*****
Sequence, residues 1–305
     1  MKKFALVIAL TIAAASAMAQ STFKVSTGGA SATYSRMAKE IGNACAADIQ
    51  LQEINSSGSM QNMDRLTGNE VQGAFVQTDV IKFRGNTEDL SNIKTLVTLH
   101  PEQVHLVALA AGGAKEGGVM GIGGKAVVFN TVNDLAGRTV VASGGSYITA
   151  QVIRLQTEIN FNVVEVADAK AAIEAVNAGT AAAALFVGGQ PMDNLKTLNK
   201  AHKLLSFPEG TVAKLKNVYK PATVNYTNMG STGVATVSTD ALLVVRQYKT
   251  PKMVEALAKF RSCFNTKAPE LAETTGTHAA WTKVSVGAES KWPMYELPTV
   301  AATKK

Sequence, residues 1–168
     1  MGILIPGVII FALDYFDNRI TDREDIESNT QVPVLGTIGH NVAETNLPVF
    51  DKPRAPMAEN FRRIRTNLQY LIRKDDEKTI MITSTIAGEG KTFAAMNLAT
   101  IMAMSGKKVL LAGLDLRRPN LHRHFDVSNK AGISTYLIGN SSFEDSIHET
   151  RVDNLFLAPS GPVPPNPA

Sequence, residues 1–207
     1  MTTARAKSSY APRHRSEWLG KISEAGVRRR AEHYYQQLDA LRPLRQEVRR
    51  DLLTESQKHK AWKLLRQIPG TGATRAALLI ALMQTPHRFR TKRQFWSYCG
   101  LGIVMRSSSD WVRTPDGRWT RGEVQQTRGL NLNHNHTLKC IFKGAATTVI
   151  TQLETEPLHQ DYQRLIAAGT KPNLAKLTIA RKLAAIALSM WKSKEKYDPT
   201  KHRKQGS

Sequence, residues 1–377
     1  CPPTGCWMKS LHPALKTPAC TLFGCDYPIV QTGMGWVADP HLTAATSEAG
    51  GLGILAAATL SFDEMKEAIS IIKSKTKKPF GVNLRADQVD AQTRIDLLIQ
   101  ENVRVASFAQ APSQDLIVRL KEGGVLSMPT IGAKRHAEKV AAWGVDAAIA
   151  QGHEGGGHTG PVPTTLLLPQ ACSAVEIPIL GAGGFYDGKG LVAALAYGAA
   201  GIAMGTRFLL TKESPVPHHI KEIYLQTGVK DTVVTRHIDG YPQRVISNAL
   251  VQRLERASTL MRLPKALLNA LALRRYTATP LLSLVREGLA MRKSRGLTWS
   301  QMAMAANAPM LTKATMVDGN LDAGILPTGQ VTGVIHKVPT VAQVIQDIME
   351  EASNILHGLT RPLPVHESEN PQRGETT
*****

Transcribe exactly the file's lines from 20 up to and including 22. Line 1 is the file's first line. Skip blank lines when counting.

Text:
Sequence, residues 1–377
     1  CPPTGCWMKS LHPALKTPAC TLFGCDYPIV QTGMGWVADP HLTAATSEAG
    51  GLGILAAATL SFDEMKEAIS IIKSKTKKPF GVNLRADQVD AQTRIDLLIQ